Multiple ongoing trials are further investigating the use of gene therapy in both hemophilia A and hemophilia B, as numerous questions remain, including the long-term risks of this approach, how long the effects will persist, and whether the various rAAV vector manufacturing processes affect their efficacy and safety. Nonetheless, gene therapy clinical trials have shown long-lasting benefits. “Despite the open questions and challenges to be addressed, knowledge has progressed rapidly in the gene therapy arena, and curing hemophilia has never been this close, a pleasing prospect for both patients and health care professionals,” Drs Yamaguti-Hayakawa and Ozelo wrote.6

To learn more about advances in and challenges pertaining to gene therapy for hemophilia, Hematology Advisor sat down with Roland W Herzog, PhD, director of the Gene and Cell Therapy Program at the Herman B Wells Center for Pediatric Research at Indiana University School of Medicine in Indianapolis and editor-in-chief of Molecular Therapy Methods & Clinical Development.

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Hematology Advisor: What is the current state and potential role of gene therapy in hemophilia?


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Dr Herzog: Multiple competing clinical trials are ongoing that are based on the same principle: A gene transfer vehicle, or “vector,” in the form of the AAV vector is given intravenously to ultimately infect hepatocytes in the liver and express factor VIII or IX, which are secreted into the blood. The vectors used in the various trials  differ slightly in their design, especially in the choice of the viral capsid — the protein shell of the viral particle that contains the DNA with the therapeutic gene.

There are also differences in manufacturing methods and doses given to the patients in these trials. Three such gene therapy products are now [being studied in] phase 3 [trials], 1 for hemophilia A and 2 for hemophilia B. These advances are the results of 2 decades of basic and clinical research in gene therapy for hemophilia, which identified gene transfer to the liver with AAV vectors as the most promising approach, at least for now. 

Of the diverse methods of treating hemophilia that now exist, only gene therapy can cure the disease and provide clotting activity for more than a decade, and perhaps even much longer, without a need for frequent drug injections as is the case in protein-based therapies. Should one be able to produce gene therapy medicines at reduced costs, these may also be of interest to developing countries, whose health care systems cannot afford a continuous supply of protein drugs for lifelong repeated injections.

Hematology Advisor: What are the most notable research findings in this area thus far?

Dr Herzog: High levels of factor IX activity (near the normal range) have already been reported [as being] stable in patients for at least 3 years. This success is facilitated by use of a naturally found variant of factor IX that has much higher clotting activity so that comparatively low doses of the gene therapy vector are effective.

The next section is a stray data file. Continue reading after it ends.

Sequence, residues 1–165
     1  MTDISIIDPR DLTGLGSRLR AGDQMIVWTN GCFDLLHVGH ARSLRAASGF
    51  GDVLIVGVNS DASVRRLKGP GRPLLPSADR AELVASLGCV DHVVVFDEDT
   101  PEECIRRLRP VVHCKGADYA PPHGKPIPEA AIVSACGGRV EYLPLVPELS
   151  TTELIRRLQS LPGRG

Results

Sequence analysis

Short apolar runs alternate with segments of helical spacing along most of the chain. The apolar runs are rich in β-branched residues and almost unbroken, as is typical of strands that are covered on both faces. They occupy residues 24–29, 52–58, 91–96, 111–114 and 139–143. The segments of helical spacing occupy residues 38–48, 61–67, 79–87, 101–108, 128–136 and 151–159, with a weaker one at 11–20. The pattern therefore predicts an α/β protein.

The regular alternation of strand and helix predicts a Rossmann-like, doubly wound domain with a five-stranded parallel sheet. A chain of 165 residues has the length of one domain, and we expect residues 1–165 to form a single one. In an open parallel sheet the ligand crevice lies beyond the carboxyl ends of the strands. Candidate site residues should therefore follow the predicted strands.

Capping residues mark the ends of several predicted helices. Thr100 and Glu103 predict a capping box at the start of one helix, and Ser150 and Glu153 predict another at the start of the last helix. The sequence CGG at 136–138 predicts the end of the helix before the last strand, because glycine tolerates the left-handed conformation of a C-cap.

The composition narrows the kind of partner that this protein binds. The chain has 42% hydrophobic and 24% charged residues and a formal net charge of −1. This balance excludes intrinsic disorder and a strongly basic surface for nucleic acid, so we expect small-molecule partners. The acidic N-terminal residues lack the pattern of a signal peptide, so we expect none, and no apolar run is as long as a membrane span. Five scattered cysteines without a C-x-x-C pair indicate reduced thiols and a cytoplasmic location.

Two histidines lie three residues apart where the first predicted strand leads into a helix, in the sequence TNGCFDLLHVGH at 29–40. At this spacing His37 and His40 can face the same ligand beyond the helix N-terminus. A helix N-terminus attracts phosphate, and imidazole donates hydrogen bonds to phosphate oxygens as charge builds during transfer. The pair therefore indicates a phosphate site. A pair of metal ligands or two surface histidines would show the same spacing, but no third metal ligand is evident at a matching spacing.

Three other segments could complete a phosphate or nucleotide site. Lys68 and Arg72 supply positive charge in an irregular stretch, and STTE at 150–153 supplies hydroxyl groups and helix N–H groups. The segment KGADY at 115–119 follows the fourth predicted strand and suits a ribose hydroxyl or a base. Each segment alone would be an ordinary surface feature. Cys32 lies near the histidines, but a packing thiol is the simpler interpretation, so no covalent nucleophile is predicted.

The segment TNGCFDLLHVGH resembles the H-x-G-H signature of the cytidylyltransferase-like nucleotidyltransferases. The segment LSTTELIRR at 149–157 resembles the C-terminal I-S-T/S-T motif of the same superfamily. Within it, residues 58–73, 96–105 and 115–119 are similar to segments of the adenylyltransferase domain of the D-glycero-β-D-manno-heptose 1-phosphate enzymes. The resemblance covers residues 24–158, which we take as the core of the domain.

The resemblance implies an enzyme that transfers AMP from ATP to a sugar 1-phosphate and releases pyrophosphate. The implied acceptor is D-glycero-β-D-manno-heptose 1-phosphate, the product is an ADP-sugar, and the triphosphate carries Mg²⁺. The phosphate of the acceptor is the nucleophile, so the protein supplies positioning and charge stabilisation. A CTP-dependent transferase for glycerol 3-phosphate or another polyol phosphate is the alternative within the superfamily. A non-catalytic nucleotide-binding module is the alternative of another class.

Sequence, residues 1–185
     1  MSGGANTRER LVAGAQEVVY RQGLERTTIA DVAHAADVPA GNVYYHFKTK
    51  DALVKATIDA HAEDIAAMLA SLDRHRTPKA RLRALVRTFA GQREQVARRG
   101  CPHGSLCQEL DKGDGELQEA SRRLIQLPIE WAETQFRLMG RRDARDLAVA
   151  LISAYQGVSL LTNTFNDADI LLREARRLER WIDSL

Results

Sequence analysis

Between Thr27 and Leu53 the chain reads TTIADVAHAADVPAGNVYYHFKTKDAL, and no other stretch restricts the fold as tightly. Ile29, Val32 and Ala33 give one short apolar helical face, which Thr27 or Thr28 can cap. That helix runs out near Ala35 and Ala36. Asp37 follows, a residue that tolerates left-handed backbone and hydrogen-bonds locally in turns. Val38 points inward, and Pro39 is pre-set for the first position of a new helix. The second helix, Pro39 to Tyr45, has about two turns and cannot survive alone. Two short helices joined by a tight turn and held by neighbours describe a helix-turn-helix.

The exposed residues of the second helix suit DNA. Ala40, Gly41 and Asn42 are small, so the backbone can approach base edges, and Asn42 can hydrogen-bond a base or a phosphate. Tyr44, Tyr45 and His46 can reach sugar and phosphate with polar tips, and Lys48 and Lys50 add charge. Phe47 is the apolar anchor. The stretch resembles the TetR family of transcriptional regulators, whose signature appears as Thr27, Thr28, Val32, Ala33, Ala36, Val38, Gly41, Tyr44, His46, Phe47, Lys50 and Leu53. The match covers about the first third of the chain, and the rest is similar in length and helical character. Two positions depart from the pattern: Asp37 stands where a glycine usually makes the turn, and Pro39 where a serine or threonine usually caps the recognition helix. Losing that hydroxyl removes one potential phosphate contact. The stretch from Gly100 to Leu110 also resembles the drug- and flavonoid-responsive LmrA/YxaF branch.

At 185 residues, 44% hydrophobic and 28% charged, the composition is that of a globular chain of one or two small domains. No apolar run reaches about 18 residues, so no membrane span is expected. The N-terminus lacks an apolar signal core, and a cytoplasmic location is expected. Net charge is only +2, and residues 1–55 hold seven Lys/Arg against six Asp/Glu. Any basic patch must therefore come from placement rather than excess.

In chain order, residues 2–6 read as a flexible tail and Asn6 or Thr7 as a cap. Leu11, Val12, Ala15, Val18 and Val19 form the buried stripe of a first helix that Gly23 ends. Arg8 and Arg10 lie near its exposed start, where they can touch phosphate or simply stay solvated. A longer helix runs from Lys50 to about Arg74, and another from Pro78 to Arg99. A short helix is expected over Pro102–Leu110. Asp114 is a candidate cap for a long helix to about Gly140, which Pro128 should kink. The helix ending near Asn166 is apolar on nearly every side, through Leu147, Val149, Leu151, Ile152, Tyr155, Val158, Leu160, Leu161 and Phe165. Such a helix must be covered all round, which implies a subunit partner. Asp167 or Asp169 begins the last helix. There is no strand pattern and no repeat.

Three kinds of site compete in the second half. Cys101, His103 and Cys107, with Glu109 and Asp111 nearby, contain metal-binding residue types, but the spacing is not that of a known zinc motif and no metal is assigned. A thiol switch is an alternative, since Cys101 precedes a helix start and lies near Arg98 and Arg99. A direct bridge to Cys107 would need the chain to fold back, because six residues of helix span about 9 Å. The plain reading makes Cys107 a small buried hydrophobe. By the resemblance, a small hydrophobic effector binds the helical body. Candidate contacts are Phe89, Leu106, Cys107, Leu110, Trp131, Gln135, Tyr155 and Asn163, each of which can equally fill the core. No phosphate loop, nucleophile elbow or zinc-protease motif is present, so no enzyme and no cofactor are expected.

Curative levels of factor VIII have also been reported in multiple hemophilia A patients. As with the success in hemophilia B, patients typically did not experience bleeds and no longer required infusions of their traditional clotting factor products. However, factor VIII levels have somewhat declined, and we simply have to wait a bit to see how the gene therapy holds up in hemophilia A patients over time.  

Hematology Advisor: What are examples of the unique challenges regarding this area of investigation?

Dr Herzog: For hemophilia A, very high doses of the vector are needed. Some mild liver toxicity has been observed at the highest doses, the cause of which is not entirely clear. Duration and variability of gene therapy in hemophilia A patients have been brought into question. Longer-term follow-up of patients enrolled in multiple trials will address these questions, and vector systems and gene transfer protocols will become more refined as physicians and scientists are learning more from their patients.

A special challenge for gene therapy is almost always the immune system. Because of natural infection, most of us carry antibodies that can neutralize one or the other AAV capsid. Therefore, not all patients can receive a specific gene therapy product — because someone with a high level of preexisting antibodies to a specific capsid would not benefit from the vector injection. Even after successful gene transfer, the immune system may aim to eliminate the virus, which it perceives as a form of viral infection. In this case, transient immune suppression is applied.

References

  1. World Federation of Hemophilia. Report on the Annual Global Survey 2017. http://www1.wfh.org/publications/files/pdf-1714.pdf . Published October 2018. Accessed on December 6, 2019.
  2. Centers for Disease Control and Prevention. Data & Statistics on Hemophilia. https://www.cdc.gov/ncbddd/hemophilia/data.html. Updated on June 21, 2019. Accessed on December 6, 2019.
  3. O’Hara J, Hughes D, Camp C, Burke T, Carroll L, Diego D-AG. The cost of severe haemophilia in Europe: the CHESS study. Orphanet J Rare Dis. 2017;12:106.
  4. Batty P, Lillicrap D. Advances and challenges for hemophilia gene therapy. Hum Mol Genet. 2019;28:R95-R101.
  5. Butterfield JSS, Hege KM, Herzog RW, Kaczmarek R. A molecular revolution in the treatment of hemophilia [published online November 12, 2019]. Mol Ther. doi:10.1016/j.ymthe.2019.11.006
  6. Yamaguti-Hayakawa GG, Ozelo MC. Gene therapy: paving new roads in the treatment of hemophilia. Semin Thromb Hemost. 2019;45:743-750.